People hate this question but: If you were constructing your personal Bass Mt. Rush-more, who are the four players that would make the cut and why?

They probably hate it because it’s a borderline impossible question; we’re influenced by every single thing we’ve ever listened to, and trying to distill a lifetime of music down to four players is a pretty tough ask.

That said, Karl Alvarez (The Descendents) and Matt Freeman (Operation Ivy/Rancid) were two of the main reasons I started playing in the first place, so they’d have to make the list.

As far as players I’d most like to emulate as a working session musician, I’d probably have to say Pino Palladino and Justin Meldal-Johnson. Their parts and tones are always perfect and they’ve had some gigs that I’d absolutely love to do.

Then there are guys like Mikey Shoes (Queens of the Stone Age) and Jeremy Pritchard (Every-thing Everything) who have really melodic takes on modern bass playing, with unique tones to boot, that are both incredibly inspiring.

See?! Picking just four is impossible, I could easily go on for a few more paragraphs.

Matt, we’ve known each other a while now. How many basses do you think weve sold to each other?

Oh god. Dozens. Our wives would probably be horrified.

What else do you like to do besides playing bass?

I love to read, travel, train, eat, and hang out with my wife and cats. I also just started getting back into photography. I loved it back in high school, but that was back in the day of real film and darkrooms. This is a whole new world.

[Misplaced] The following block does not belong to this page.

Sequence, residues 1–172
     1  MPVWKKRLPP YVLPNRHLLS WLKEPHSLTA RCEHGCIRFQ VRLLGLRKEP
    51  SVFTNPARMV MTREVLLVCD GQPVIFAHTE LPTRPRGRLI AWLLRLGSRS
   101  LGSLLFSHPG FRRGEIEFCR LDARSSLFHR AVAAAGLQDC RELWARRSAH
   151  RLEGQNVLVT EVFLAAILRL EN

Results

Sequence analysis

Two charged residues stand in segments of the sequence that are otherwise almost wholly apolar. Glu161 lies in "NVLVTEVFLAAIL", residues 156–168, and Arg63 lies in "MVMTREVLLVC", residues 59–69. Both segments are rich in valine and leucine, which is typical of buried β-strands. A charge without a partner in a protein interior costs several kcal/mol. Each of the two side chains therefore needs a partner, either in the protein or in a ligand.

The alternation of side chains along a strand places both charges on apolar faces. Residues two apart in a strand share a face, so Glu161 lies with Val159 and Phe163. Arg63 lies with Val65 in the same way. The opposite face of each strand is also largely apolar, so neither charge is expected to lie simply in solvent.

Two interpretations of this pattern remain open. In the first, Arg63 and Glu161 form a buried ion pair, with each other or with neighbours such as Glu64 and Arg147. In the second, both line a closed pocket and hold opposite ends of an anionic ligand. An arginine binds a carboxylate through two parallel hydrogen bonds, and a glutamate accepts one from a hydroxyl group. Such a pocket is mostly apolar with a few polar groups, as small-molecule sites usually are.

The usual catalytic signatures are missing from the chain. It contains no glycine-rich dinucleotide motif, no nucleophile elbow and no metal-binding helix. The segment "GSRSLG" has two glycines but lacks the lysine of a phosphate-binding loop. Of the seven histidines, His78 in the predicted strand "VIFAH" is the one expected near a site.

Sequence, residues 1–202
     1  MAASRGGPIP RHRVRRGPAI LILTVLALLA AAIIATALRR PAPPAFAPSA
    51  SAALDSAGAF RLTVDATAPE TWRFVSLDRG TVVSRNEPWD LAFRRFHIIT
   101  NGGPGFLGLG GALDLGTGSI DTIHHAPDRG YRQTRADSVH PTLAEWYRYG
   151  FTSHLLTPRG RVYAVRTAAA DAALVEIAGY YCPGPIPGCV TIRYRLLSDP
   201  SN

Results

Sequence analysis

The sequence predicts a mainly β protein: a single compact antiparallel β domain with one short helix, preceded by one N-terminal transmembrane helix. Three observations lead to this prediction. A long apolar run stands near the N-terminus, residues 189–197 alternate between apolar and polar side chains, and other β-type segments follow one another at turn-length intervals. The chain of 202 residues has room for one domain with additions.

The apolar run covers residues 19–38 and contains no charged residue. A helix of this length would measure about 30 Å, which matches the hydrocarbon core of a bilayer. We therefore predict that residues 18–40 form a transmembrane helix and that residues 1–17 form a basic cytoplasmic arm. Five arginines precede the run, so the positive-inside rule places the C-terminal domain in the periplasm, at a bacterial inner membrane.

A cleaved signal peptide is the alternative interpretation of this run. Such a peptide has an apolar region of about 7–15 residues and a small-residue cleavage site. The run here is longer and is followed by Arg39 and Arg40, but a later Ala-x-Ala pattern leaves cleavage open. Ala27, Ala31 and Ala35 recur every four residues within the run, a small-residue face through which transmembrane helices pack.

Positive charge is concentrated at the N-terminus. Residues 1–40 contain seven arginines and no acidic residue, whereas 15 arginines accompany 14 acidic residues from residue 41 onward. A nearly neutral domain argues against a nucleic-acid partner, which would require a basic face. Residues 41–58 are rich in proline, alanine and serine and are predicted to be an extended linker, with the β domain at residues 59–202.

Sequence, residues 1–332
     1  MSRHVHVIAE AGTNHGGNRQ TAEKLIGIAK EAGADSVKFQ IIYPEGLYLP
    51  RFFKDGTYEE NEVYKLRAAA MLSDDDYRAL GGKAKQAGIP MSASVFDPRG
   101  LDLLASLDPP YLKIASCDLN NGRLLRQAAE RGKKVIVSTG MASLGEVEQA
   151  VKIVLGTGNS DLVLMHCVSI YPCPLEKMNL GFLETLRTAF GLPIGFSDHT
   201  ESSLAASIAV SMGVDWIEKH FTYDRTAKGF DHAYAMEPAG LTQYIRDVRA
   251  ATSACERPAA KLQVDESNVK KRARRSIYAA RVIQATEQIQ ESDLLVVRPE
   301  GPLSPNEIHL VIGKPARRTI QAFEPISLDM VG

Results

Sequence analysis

So, why did you choose Bergantino gear?

I’ve never played through an amp that impressed me as much as the forté HP does, and I’ve used all of the big names and most of the classics: everything about the design is incredibly musical and intuitive, and every engineer who has heard it was incredulous that there aren’t any tubes in it.

The headroom is incredible, it’s remarkably versatile and the fact that one of the best fuzz circuits I’ve ever heard for bass is built right into the amp, and updated circuit designs can be loaded in seconds via USB on the front panel, is the icing on the cake. Bergantino is currently making the best bass amplifiers on the market.

Let us know what youre currently working on (studio, tour, side projects, etc.).

Writing for the new Diamante record and getting ready to tour with her this summer, we have some great festival dates lined up (Rocklahoma, Rebel Rock & Louder Than Life) and are book-ing a tour around those.